You have to think that when the dust settles on all of this and we're twenty-odd years removed, there's got to be a great documentary to come out of all of the issues with Warner Bros. and the post-Christopher Nolan stuff.

Think something along Hearts Of Darkness or The Kid Stays In The Picture. Anyway, more trouble in the DC camp as it's been reported by THR that Matt Reeves - who had committed to directing The Batman - has now walked away from the negotiating table with Warner Bros. over issues supposedly to do with preparation time.

Reeves, who is currently in post-production on War For The Planet Of The Apes, has made no official comment on the story, nor has Warner Bros. for that matter. THR's source says that The Batman is happening no matter what and that other names are now being considered, including Ridley Scott (yes, really) and Don't Breathe's Fede Alvarez.

This comes on the heels of rumours that Ben Affleck is eager to dump Batman and leave the cowl behind him. Reeves had apparently committed to directing The Batman and was working out a deal with Warner Bros. when talks broke down, and the hope is that negotiations may restart "when heads cool." Ben Affleck was originally lined up to direct The Batman from his script co-written with Geoff Johns, but backed away as pulling quadruple-duty between acting, starring, writing and producing proved too much for him.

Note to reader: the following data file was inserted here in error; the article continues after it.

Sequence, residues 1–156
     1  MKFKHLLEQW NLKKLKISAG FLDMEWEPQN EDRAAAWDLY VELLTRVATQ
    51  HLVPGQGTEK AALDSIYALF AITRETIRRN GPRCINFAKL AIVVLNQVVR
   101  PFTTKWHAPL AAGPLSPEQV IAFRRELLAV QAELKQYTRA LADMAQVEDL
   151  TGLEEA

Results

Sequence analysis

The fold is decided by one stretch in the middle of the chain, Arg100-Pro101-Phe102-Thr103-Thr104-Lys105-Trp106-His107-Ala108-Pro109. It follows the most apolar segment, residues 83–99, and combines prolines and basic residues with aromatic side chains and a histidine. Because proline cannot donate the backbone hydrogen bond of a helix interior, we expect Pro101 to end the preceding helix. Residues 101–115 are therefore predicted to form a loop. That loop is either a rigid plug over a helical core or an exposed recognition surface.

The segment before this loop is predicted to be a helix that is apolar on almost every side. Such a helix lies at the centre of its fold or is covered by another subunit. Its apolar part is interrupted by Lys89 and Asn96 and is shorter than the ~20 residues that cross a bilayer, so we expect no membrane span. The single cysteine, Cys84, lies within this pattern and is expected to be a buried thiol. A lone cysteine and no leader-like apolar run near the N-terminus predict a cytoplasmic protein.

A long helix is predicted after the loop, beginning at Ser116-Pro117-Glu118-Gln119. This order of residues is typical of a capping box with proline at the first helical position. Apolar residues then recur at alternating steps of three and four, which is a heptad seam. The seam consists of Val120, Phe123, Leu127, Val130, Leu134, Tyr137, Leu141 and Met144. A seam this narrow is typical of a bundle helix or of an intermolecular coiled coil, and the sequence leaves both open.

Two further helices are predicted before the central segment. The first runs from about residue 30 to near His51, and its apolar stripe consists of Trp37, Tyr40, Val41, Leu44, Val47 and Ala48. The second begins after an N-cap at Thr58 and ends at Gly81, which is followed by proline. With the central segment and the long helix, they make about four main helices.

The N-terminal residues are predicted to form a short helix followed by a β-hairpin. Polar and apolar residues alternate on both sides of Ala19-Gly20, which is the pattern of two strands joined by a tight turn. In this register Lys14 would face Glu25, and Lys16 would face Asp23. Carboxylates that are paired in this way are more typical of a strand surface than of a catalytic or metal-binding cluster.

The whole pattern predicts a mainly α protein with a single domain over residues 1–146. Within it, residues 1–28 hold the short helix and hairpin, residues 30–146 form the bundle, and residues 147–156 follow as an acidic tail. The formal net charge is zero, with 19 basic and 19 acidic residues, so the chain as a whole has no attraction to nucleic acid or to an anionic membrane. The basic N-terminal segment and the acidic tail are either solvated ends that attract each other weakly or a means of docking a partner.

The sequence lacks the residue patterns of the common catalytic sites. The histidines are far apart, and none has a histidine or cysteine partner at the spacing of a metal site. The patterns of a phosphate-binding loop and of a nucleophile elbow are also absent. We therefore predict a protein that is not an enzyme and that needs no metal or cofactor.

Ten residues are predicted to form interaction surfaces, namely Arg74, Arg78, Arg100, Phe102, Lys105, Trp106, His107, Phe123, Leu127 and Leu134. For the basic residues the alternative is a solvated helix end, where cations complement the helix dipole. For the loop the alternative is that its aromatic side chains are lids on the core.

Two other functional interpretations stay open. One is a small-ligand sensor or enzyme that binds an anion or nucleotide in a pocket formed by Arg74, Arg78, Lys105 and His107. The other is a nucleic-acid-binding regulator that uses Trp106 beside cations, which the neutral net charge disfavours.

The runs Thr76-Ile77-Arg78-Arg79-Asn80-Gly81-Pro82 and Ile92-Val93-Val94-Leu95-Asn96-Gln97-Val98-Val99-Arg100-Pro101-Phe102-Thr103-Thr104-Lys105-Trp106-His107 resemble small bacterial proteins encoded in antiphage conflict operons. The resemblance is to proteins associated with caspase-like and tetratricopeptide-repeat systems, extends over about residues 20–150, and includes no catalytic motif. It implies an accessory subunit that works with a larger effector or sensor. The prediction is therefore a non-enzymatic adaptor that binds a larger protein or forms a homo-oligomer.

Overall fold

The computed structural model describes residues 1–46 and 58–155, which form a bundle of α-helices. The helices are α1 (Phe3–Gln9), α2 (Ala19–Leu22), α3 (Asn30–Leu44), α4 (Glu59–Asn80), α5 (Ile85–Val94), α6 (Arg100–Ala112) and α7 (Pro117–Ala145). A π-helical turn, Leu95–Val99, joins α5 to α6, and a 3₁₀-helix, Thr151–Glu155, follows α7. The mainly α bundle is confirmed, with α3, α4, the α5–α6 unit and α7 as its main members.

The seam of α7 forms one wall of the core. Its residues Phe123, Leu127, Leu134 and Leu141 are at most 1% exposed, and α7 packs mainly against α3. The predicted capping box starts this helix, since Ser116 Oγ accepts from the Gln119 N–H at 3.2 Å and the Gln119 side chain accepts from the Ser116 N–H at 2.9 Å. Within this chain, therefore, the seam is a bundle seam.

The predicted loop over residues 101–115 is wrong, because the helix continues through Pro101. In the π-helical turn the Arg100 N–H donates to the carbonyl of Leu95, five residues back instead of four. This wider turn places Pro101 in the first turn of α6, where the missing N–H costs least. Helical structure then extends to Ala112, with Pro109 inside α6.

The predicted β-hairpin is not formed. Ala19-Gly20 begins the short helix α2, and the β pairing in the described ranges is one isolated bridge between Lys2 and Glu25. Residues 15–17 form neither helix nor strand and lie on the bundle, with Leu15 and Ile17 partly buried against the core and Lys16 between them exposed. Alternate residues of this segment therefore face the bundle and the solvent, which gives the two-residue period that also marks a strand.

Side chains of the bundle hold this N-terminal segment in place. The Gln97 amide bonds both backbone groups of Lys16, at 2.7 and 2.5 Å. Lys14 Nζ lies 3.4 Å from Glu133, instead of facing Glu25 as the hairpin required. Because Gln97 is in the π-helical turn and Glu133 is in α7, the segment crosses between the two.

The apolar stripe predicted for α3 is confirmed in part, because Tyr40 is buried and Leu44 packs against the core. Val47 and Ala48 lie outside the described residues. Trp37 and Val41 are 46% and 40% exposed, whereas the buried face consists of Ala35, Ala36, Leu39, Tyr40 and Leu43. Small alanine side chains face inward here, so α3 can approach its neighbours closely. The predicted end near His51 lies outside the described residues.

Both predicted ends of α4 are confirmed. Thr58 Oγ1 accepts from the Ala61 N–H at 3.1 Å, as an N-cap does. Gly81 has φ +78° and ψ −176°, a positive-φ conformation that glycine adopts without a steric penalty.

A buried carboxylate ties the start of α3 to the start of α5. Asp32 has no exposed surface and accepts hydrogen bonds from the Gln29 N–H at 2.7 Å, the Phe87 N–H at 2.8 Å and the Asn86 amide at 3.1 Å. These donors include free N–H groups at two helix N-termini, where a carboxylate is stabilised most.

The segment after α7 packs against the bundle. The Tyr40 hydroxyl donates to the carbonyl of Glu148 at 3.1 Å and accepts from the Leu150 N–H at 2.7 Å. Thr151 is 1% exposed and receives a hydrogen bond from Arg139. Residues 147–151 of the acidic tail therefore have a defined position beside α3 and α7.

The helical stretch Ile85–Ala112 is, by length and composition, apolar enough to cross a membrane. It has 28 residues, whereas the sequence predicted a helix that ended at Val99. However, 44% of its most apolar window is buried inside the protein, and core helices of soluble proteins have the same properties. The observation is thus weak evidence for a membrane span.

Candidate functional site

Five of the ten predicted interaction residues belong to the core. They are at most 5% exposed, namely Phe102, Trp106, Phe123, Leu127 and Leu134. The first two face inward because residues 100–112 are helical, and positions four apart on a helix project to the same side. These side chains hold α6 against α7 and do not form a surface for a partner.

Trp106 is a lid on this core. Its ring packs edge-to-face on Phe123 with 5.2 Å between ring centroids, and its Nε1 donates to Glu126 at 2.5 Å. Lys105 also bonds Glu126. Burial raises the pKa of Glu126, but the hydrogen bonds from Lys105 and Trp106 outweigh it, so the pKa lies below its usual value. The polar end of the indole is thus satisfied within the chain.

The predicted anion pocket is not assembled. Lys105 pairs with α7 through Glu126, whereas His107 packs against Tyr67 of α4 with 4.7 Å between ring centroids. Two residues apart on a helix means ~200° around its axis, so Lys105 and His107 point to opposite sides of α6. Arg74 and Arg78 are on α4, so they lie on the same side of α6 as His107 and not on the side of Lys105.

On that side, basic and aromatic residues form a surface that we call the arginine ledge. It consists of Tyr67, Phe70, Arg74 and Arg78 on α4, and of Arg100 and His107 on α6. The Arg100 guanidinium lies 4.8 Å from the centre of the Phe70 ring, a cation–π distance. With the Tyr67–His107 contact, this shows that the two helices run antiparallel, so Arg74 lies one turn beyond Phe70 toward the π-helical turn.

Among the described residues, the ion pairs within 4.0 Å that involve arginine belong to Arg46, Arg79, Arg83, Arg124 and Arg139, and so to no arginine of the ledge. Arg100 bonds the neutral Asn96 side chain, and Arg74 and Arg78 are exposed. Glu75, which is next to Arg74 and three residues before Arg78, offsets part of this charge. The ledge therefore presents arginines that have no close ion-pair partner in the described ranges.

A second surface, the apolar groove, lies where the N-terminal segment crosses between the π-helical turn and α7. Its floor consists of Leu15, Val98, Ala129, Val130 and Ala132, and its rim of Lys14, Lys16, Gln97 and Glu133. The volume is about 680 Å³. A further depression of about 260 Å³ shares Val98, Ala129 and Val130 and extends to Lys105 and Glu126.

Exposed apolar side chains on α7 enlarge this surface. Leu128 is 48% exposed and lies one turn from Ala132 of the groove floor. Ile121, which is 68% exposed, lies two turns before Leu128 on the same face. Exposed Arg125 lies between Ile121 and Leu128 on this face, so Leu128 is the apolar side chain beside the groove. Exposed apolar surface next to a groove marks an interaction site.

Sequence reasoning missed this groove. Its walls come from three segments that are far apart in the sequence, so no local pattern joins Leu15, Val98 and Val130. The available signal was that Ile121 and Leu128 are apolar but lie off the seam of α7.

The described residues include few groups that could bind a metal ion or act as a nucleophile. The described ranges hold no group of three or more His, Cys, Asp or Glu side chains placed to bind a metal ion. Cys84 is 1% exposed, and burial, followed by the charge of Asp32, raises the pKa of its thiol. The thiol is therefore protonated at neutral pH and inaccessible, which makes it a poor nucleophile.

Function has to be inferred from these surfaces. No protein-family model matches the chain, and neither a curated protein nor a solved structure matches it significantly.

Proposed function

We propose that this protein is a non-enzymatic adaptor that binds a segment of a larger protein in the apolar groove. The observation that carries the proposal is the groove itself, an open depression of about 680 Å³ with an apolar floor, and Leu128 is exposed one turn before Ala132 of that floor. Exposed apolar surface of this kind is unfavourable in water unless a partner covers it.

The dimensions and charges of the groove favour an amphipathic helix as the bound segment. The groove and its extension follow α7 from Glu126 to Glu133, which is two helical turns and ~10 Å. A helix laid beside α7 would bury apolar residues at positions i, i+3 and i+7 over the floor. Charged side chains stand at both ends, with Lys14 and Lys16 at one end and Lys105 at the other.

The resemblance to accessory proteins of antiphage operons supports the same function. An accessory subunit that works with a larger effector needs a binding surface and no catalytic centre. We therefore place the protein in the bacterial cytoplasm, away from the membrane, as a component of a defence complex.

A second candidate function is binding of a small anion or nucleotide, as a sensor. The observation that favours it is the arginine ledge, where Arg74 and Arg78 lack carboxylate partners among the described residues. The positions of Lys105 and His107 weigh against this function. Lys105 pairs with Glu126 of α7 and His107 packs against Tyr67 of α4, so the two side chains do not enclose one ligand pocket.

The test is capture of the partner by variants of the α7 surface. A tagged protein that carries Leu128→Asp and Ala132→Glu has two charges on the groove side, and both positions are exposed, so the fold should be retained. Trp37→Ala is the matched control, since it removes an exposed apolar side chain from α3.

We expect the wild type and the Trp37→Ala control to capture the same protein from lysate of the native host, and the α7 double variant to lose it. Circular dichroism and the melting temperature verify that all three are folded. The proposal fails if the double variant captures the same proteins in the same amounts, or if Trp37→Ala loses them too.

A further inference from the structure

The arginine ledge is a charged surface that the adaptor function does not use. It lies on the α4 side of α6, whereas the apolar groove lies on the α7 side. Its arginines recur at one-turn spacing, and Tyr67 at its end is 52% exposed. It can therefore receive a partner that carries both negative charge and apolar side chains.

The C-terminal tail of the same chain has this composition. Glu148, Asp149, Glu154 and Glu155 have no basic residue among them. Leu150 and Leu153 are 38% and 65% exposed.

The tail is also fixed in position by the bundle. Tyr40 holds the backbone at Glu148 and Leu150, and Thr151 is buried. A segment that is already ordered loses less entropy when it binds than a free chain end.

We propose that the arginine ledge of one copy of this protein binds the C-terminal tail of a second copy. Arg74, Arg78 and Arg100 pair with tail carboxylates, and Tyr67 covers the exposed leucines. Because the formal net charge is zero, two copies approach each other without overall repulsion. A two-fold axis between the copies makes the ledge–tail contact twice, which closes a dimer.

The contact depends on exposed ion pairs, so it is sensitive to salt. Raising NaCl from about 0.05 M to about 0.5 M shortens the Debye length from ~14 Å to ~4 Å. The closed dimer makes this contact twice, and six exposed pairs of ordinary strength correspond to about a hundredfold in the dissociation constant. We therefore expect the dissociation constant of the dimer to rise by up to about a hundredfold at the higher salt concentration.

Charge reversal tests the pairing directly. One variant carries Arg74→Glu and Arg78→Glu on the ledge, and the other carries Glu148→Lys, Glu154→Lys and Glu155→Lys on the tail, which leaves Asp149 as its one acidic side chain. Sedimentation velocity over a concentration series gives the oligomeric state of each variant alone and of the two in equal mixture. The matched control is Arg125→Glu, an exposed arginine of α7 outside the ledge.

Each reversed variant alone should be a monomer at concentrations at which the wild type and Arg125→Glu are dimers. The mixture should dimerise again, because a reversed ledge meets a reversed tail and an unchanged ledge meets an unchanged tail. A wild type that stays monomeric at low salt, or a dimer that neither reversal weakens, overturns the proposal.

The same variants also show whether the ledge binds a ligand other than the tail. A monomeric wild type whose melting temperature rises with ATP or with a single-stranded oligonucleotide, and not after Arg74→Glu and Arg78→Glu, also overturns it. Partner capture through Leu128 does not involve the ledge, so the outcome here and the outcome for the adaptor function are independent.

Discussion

What's clear is that there is chaos behind the scenes in the DC Cinematic Universe, and Warner Bros. are eager to get an experienced name to grab a handle on the situation - hence why they're talking to Mel Gibson to take on Suicide Squad 2.

Reeves walking away from The Batman is another in a list of directors backing away from DC. David Ayer is out of directing Suicide Squad 2, as we know, and Seth Grahame-Smith also walked away from The Flash over the old familiar 'creative differences' line. Michelle MacLaren also backed off Wonder Woman, again over creative differences, and James Wan - although he didn't bail - was reportedly anxious over Aquaman.

Behind-the-scenes drama is nothing new in blockbusters or the comic-book movie variant, of course. Marvel and Disney have had their own share of problems, what with Edgar Wright leaving Ant-Man behind and Patty Jenkins walking off from Thor: The Dark World. However, DC / Warner Bros' troubles seem to becoming more frequent and of a higher profile than other franchise machines.

What do you think? Is DC in trouble? Let us know in the comments.